Women's hormonal cycles may not only make them more prone to drug addiction but also more affected by triggers that lead to relapse, a study has found.
The research is significant since there are virtually no addiction studies in women that account for these cycles, according to researchers from Vanderbilt University in the US.
They point out that women represent a particularly vulnerable population, with higher rates of addiction following exposure to drugs, but addiction studies have primarily focused on the mechanisms underlying these effects in men.
The study published in the journal Neuropsychopharmacology showed that, when fertility-related hormone levels are high, females learn faster, make stronger associations to cues in their environment and are more prone to seek rewards.
"Women becoming addicted to drugs may be a fundamentally different process than men," said Erin Calipari, an assistant professor at Vanderbilt University.
"It's important to understand this, because it's the first step in developing treatments that are actually effective," said Calipari.
The next step, she said, would be to figure out specifics of how hormonal shifts affect women's brains and, ultimately, develop medications that could help override those.
However, long before those future medications are available, treatment centres could use the information in this study to educate women about their stronger mental connections to places and objects.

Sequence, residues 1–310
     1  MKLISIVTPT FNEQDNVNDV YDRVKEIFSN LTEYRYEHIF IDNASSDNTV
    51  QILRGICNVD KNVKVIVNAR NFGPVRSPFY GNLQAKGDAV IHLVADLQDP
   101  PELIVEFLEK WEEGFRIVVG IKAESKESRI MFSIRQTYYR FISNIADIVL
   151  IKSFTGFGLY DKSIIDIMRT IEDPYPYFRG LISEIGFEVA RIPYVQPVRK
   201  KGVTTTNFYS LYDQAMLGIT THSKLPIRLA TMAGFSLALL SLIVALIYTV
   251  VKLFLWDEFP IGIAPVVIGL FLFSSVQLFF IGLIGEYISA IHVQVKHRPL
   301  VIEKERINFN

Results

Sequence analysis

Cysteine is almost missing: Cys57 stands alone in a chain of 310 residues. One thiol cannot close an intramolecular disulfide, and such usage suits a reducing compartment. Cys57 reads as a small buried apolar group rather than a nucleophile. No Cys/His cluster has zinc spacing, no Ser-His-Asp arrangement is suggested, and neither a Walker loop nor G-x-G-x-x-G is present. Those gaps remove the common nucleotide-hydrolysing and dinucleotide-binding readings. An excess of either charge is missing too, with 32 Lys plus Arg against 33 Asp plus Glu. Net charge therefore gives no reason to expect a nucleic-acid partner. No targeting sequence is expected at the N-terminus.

That may mean a higher chance of relapse just by, for example, visiting a place where they used drugs or holding the kind of spoon they used in the process.
Researchers historically have avoided using female animals in medical studies specifically so they don't have to account for influences from hormonal cycles.
As a result, medication development has often focused on correcting dysfunctions in men, which may explain why women often don't respond to available medications or treatments in the same way as men do, Calipari said.
For the study, male and female rats were allowed to dose themselves with cocaine by pushing a lever, with a light set up to come on during dosing.
That is similar to the environmental cues, such as drug paraphernalia, present when humans are taking drugs.
When their circulating hormone levels were high, female rats made stronger associations with the light and were more likely to keep pushing the lever as much as it took to get any amount of cocaine.
Ultimately, females were willing to "pay" more in the presence of these cues to get cocaine. The results are transferable to humans through behavioral economic analysis, which uses a complicated mathematical equation with values for the most and least a subject will do to get a payoff.
It is one of the few ways that comparisons can be made across species.
"We found that the animals will press a lever just to get the light -- that environmental stimuli," Calipari said.